At first I thought that Jennifer Baumgardner's new book Look Both Ways: Bisexual Politics was rather old-hat (in addition to having a simultaneously embarrassingly euphemistic, and awkwardly labeling title). However I just finished reading it, and actually I like it quite a bit. She doesn't discuss continuums and fluidity as much as I'd like, but she has some really interesting points, once she gets past establishing that bisexuals aren't just confused straight people, and that women can have sex with each other, actually.
I particularly liked her chapters on relationships (individual and political) between bisexual women and a). straight America b). self-identified lesbians and c). straight men. Also, what was very cool was her discussion of the different relationships bisexual women have with men and women, and whether it's possible to have the kind of relationship one has with a woman with a man (and vise versa). She talks a lot about bisexual women bringing "gay expectations" of equality and lack of gender roles to relationships with men. Concurrently, she also discusses the "straight expectations" of acceptance (not just passing) that bisexual women bring to the LGBT movement, as well bringing expectations of sexual aggression/assertiveness to their relationships with women. And, of course, she also discusses at length Ani (and also Anne Heche), and the casting out of women who date men after being with women.
Perhaps the most interesting part however was her (unfortunately brief) discussion of the privilege accorded to bisexuals to not only be able to pass, but to not have to fully experience the constant oppression faced by people on the extremely gay side of the continuum. She emphasizes this point with her response to Melissa Ferrick slamming a bisexual woman for suggesting that it was unfair that she couldn’t bring her male partner to an LGBT awards ceremony. "Ferrick is right,” she says. “Bisexual women don't know what it's like to be lesbian, if there are even universal elements of lesbian experience. I didn't have a crush on my gym teacher. I didn't insist my name was Billy and wear a blazer to kindergarten. We might not have been terrified to look around the locker room in high school because someone might think we're staring too hard. We don't always have to 'watch our backs' when we're holding hands with a new love.”
I wasn’t even aware of this privilege until a friend told me that she had wanted to kill herself when she was coming out. Like Baumgardner, I don’t identify with the metaphor of “coming out” at all, and I didn’t have a whole lot of personal angst over it. I’m not gonna lie—I had a little bit of angst—but nowhere near contemplating suicide. In fact, this past January, rather than having angst over being gay, I angsted over whether or not I should go to the community college’s LGBT meeting in order to meet some friends. Such meetings, I felt with some derision, were only for people who were so unenlightened as to feel their lives were over when they realized they were gay. It really wasn’t until I had this conversation with my friend that I realized how privileged I was to never have such an extreme identity crisis and depression. My question however, is whether that is really a privilege of “bisexuals” or whether that privilege was more related to me attending Smith College, the "bisexual incubator," as Baumgardner calls it.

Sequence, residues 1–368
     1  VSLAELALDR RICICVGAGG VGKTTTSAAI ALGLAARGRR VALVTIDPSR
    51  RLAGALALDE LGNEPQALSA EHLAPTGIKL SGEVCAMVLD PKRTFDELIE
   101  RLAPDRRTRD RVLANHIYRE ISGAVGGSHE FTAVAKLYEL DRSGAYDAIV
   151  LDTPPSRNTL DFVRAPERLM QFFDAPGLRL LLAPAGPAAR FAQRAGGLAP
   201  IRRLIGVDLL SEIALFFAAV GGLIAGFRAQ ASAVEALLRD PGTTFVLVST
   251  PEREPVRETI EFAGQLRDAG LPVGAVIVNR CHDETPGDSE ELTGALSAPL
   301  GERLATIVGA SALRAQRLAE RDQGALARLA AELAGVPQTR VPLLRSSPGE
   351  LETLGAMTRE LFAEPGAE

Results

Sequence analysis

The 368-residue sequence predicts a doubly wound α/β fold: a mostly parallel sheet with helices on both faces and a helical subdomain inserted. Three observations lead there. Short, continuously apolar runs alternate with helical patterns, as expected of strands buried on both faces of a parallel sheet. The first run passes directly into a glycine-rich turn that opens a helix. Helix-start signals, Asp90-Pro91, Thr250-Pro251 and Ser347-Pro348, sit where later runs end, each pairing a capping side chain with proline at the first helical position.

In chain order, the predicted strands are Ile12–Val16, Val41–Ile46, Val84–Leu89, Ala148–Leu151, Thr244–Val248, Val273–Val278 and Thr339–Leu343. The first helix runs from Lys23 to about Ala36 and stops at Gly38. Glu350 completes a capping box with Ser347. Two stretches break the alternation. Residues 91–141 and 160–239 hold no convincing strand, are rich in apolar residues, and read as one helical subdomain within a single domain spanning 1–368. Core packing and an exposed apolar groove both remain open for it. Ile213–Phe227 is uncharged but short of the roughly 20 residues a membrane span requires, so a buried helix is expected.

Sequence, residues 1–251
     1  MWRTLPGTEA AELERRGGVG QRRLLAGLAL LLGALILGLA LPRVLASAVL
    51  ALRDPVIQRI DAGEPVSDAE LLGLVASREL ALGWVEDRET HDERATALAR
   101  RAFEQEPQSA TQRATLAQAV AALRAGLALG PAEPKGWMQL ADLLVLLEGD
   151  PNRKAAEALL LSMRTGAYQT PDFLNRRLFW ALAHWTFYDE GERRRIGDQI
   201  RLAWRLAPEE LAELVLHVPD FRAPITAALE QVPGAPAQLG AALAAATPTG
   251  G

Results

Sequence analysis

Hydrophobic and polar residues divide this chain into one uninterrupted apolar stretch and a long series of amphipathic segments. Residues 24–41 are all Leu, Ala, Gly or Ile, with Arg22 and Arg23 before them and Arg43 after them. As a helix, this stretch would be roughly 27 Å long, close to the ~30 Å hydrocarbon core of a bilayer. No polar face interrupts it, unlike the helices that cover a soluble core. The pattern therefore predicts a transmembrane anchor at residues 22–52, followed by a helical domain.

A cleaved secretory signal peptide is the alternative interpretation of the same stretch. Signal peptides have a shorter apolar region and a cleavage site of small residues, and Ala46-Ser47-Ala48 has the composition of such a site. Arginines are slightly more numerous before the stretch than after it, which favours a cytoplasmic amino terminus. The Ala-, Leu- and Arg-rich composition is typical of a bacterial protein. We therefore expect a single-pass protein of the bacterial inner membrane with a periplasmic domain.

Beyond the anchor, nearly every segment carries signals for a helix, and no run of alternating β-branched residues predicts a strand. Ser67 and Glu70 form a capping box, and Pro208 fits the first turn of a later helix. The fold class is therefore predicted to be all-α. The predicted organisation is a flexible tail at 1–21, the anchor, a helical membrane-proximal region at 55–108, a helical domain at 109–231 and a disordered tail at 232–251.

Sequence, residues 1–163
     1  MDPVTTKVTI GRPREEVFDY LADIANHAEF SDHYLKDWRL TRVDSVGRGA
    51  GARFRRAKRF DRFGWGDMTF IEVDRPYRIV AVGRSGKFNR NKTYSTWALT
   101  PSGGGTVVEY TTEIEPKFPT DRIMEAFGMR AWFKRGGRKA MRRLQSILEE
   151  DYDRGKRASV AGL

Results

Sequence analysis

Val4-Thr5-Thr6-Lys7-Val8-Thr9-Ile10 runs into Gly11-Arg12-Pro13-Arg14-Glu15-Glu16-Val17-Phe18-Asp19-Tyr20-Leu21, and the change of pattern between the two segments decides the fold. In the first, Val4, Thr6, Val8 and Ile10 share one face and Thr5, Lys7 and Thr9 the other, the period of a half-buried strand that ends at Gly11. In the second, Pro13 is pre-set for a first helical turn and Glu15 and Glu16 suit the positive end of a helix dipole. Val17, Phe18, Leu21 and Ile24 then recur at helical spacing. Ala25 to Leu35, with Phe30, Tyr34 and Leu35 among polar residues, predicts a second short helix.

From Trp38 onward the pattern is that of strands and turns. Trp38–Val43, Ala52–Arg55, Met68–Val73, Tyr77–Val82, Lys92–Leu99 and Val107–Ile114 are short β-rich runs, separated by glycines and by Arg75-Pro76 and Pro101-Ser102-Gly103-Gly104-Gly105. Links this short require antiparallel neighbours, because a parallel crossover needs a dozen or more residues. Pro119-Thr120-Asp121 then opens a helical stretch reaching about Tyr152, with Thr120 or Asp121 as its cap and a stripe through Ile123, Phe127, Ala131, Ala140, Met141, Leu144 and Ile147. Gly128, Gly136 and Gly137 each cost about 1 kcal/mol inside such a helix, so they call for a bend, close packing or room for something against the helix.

In any case, Baumgardner suggests that we need such semi-privileged people, who are in many ways unaware of the fear that the more oppressed experience, in order to push the movement forward. She quotes Ellen as saying that she never would have burst out of the closet so blatantly if it hadn’t have been for bisexual Anne Heche pushing for their relationship to be conducted in the same way that she would conduct it with a man (holding hands in public, etc). “A gay person would never have let me be so public because a gay person would know what would happen," Ellen says. However, Baumgarnder stops just (disappointingly) short of suggesting that bisexuals (and those attracted to people, not genders) are misunderstood as confused because they are ahead of their time and the LGBT movement as a whole.